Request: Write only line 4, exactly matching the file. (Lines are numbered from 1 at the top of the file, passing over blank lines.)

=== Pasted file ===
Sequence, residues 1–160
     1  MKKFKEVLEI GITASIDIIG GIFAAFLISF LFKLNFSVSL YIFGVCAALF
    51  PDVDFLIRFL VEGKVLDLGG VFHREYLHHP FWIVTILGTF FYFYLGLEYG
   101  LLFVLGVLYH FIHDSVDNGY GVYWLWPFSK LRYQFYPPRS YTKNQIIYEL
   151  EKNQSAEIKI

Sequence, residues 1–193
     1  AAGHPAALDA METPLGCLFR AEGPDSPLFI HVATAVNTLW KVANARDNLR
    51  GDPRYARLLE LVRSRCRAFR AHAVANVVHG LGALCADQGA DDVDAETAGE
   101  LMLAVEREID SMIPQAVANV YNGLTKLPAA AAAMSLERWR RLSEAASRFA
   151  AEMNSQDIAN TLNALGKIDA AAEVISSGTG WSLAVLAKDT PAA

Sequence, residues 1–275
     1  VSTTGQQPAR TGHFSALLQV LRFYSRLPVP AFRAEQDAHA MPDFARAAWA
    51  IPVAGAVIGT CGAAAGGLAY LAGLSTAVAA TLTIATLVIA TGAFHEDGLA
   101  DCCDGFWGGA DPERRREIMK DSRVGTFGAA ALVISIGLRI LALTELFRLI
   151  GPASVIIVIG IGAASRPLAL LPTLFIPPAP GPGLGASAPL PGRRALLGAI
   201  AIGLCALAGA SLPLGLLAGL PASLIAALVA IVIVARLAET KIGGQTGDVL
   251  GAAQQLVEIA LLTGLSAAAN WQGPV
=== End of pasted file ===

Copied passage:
   101  LLFVLGVLYH FIHDSVDNGY GVYWLWPFSK LRYQFYPPRS YTKNQIIYEL